Obama Wants Guantanamo Closed But His Efforts Are Thwarted
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RENEE MONTAGNE, HOST:
And I'm Renee Montagne. Good morning.
We have an update now on efforts to refocus the fight against terrorism. Congress has been debating a range of powers granted to presidents since 9/11.
INSKEEP: A controversy over surveillance has added urgency, so is the coming end of the U.S. combat role in Afghanistan. But as we'll hear in this part of the program, it is not proving easy to redirect the American war machine.
MONTAGNE: Let's start with the prison at Guantanamo Bay. President Obama has been vowing to close it since before he was even elected. Yesterday, the House rebuffed his latest effort, which would've closed the facility and sent some prisoners to the U.S.
Here's NPR's Scott Horsley.
SCOTT HORSLEY, BYLINE: There was a time when President Obama thought all it would take to close Guantanamo was the stroke of a pen. He signed an executive order to do just that on his second full day in the White House.
PRESIDENT BARACK OBAMA: Guantanamo will be closed no later than one year from now.
HORSLEY: But with cameras clicking, it soon became clear the new president and his staff had not yet ironed out all the details.
OBAMA: Is there a separate executive order, Greg, with respect to how we're going to dispose of the detainees? Is that written?
GREG: We're setting up a process.
OBAMA: We will be setting up a process whereby this is going to be taking place.
HORSLEY: Five-and-a-half years later, that process hasn't moved very far, much to the dismay of advocates like Andrea Prasow. Prasow served as a defense attorney for some of the prisoners held at Guantanamo. She's now Senior National Security Counsel at Human Rights Watch.
ANDREA PRASOW: When Obama took office, there was a lot of hope. A lot of people believed that when he pledged to close Guantanamo within one year, he meant it. I think that's become much harder over the years.
HORSLEY: One-hundred-fifty-four prisoners are still housed at Guantanamo. Just 12 have been allowed to leave since Obama renewed his call to close the prison a year ago. And there's still a congressional ban reaffirmed just yesterday on moving any prisoner from Guantanamo to the United States.
REPRESENTATIVE DOUG LAMBORN: I don't think it's a good idea to have these prisoners of war mixing with a civilian U.S. population. I don't think that's a good idea.
HORSLEY: Republican Congressman Doug Lamborn represents a district in Colorado with a super-max prison, and he doesn't want the government moving Guantanamo inmates there. Lamborn is content to leave the facility at the Guantanamo Bay military base just as it is.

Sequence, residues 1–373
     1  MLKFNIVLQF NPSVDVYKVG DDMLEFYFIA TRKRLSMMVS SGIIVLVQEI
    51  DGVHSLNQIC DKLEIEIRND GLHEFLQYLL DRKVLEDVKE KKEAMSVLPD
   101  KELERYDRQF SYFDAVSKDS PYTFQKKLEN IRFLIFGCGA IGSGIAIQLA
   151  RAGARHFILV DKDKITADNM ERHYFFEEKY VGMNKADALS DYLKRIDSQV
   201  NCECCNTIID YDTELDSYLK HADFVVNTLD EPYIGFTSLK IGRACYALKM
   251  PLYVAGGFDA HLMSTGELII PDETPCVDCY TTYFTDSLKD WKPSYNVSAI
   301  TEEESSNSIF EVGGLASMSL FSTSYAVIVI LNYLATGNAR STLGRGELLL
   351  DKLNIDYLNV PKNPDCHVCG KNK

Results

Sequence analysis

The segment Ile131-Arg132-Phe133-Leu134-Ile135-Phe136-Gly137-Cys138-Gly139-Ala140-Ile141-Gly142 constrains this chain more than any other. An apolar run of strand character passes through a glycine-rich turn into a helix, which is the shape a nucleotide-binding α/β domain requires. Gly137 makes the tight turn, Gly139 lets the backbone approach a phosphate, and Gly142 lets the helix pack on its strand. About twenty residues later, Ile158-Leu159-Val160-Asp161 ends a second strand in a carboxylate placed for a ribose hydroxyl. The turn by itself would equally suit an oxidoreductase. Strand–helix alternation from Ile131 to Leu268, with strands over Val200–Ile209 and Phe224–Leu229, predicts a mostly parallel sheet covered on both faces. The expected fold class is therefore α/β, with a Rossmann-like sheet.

LAMBORN: The prison should stay open as long as this war is going on, the war of terror, of those who are wanting to destroy America and kill Americans.
HORSLEY: But with the war in Afghanistan drawing to a close, Obama argues it's time to reconsider that open-ended approach. While efforts to combat terrorism must continue, he said in his speech last year, this war, like all wars, must end.
OBAMA: And I know the politics are hard, but history will cast a harsh judgment on this aspect of our fight against terrorism and those of us who fail to end it.
HORSLEY: By far, the toughest challenge of closing Guantanamo is what to do with the 60-odd prisoners judged too dangerous transfer, but who cannot be tried, for example because the evidence against them was obtained through torture.
Andrea Prasow of Human Rights Watch says that kind of indefinite detention without trial is wrong, whether the prisoners are held on a military base in Cuba or here the United States.
PRASOW: Obama tries to get it both ways. He says that Guantanamo is terrible and should be closed and harms U.S. national security. All of that is true. But by accepting the premise that it's OK to hold people without charge and without trial, he's basically adopted the core principle of Guantanamo.
HORSLEY: Prasow believes Obama genuinely wants to close Guantanamo and deliver on the promise he made two days into office. But doing so, she says, will require action, not just another speech.
Scott Horsley, NPR News, the White House.
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